We here present the case of portal vein thrombosis in a patient exhibiting symptoms of cytomegalovirus infection, confirmed by serology and polymerase chain reaction (PCR) and complicated by thrombocytopenia. The literature reveals growing evidence that human CMV likely plays a role in thrombotic disorders. However, only 11 cases of CMV-induced visceral venous thrombosis have been described so far. On the other hand, thrombocytopenia is a well-known complication of CMV infection. The patient was successfully treated using high-dose immunoglobulins by intravenous route

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Biological treatments and dermatology

Caroline Colmant, Pierre-Dominique Ghislain, Marie Baeck, Laurence de Montjoye (1) Published in the journal : April 2018 Category : Dermatology

Light was also shed on biosimilars. Doctor Pierre-Dominique Ghislain shared his clinical experience and provided practical guidelines for using biological treatments in dermatology. Lastly, several unusual indications of biological treatments have been illustrated based on clinical cases from the dermatology department of the Cliniques universitaires Saint-Luc, Brussels, Belgium.

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Rare and serious complications related to granulomatosis with polyangiitis

Published in the journal : April 2018 Category : Internal Medicine

Granulomatosis with polyangiitis is a rare systemic vasculitis with significant morbidity and mortality. The diagnosis is based on the association of clinical signs, such as involvement of upper and lower respiratory tract, as well as of the kidney, along with the presence of specific antibodies (ANCA anti-PR3), and confirmation of histopathological biopsy specimen. Although the current treatment of the disease has resulted in significantly reduced mortality, morbidity remains very high, which is linked to both the disease itself and the undesirable effects of immunosuppressive therapy.

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Linear IgA bullous dermatosis

Antoine Costenoble, Dominique Tennstedt (1) Published in the journal : April 2018 Category : Dermatology

Linear IgA bullous dermatosis is a rare autoimmune bullous disease. It proves to be the most common pediatric bullous dermatosis, affecting mainly children older than 4 years. The histopathological aspect of the lesion is highly suggestive, with direct immunofluorescence (DIF) of the perilesional skin showing intense and homogeneous linear IgA deposits on the basement membrane zone (BMZ). These deposits prove pathognomonic for the condition.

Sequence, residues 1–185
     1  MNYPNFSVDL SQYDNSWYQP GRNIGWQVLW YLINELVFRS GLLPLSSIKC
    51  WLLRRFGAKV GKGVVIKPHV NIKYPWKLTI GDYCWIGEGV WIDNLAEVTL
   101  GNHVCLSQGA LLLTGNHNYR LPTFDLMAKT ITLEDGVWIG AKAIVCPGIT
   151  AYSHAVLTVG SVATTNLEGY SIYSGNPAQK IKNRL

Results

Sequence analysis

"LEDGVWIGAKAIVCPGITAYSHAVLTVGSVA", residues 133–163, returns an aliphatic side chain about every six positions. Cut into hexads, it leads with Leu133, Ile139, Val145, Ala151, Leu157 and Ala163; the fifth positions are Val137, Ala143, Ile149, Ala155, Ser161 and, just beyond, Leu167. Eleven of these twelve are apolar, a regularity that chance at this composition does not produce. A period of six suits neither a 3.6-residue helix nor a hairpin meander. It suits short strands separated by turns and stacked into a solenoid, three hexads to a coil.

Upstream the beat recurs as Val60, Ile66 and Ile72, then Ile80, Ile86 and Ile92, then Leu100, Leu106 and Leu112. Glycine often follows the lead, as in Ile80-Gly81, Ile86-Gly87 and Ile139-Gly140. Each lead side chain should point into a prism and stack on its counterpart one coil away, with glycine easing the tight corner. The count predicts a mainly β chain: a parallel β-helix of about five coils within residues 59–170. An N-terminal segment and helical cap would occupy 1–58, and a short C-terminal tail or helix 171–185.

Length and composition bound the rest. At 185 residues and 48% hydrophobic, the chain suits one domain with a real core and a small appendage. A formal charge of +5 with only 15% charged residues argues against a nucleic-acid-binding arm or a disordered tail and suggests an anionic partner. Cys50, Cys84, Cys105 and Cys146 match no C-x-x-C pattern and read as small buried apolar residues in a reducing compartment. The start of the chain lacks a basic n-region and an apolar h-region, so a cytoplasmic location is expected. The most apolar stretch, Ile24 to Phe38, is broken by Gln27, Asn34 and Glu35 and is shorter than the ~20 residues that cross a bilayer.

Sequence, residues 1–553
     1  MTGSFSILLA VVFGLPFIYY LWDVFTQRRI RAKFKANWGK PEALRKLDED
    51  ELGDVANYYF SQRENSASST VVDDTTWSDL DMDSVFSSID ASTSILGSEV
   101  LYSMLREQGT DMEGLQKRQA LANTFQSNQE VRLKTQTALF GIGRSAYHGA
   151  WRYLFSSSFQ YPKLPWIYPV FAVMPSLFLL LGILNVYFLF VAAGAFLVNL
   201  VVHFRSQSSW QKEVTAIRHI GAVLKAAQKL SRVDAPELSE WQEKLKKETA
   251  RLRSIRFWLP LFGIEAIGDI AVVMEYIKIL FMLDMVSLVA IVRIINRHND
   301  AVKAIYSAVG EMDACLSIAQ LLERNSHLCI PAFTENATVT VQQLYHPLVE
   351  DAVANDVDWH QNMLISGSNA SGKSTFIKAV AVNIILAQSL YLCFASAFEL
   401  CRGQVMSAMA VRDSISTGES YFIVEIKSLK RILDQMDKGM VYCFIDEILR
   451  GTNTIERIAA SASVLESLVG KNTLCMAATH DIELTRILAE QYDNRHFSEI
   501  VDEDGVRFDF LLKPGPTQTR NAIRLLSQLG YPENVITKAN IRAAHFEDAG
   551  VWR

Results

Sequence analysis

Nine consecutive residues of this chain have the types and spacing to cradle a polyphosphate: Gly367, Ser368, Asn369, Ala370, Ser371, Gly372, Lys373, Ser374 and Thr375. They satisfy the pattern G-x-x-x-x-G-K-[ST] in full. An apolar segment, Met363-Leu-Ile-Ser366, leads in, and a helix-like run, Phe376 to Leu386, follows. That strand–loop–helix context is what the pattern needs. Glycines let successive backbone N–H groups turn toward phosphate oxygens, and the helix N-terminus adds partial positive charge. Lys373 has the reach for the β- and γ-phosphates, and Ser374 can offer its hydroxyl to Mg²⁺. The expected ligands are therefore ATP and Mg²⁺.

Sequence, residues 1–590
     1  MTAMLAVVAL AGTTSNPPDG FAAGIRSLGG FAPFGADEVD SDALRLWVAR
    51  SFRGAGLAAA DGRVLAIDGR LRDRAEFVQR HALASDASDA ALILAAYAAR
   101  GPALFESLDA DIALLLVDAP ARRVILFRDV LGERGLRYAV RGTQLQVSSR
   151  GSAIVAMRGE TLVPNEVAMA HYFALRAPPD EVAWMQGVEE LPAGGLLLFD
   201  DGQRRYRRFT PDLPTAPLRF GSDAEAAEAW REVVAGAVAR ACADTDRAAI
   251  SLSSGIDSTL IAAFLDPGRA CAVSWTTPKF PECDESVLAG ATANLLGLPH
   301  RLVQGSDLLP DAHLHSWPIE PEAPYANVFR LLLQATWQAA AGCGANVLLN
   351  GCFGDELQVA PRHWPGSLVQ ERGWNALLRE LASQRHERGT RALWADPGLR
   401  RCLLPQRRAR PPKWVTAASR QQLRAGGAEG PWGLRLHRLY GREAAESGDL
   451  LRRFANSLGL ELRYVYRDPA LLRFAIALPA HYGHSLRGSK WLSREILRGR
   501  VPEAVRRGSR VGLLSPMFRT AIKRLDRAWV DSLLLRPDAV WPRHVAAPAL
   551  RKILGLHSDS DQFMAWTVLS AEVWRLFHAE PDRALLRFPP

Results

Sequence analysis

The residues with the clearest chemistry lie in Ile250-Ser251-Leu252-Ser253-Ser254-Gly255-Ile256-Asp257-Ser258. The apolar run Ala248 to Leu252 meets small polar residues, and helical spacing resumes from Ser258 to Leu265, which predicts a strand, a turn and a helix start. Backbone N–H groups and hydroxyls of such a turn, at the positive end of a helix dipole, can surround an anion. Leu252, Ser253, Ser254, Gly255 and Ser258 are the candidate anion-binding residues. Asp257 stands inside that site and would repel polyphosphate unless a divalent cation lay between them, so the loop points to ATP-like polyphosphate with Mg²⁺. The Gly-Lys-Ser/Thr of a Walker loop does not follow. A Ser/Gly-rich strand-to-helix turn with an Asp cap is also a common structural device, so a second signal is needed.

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Hypokalemic periodic paralysis

Elise Osterheld (1), Julien Mergen (1), Marianne Michel (1), Evelyne Heylen (2) Published in the journal : April 2018 Category : Pediatrics

Hypokalemic periodic paralysis is a rare autosomal dominant disorder, caused by a defect in calcium or sodium channels. Common triggers include intense physical activity, high carbohydrate intake, and stress. These paralysis episodes usually resolve within a few hours to a few days.

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Interview : Michael Bergman, MD, FACP NYU School of Medicine

Martin Buysschaert Published in the journal : April 2018 Category : Ama Contacts

Martin Buysschaert : Could you discuss your journey as a student from the USA to Louvain and then your journey back to the USA to practice medicine? Michael Bergman: I was young at the time, about 22 years old before coming to Louvain after completing four years of College.

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History of the youngest medical specialty : nephrology (Part 2 of 4 parts)

Yves Pirson Published in the journal : April 2018 Category : Ama Contacts

During the two centuries running from about 1650 to 1850, two scientific innovations account for key achievements in nephrology : new microscopes, which open the door to extending anatomical knowledge to physical processes, and the emergence of chemistry revealing the composition of stones as well as providing the measurement of albumin and urea levels.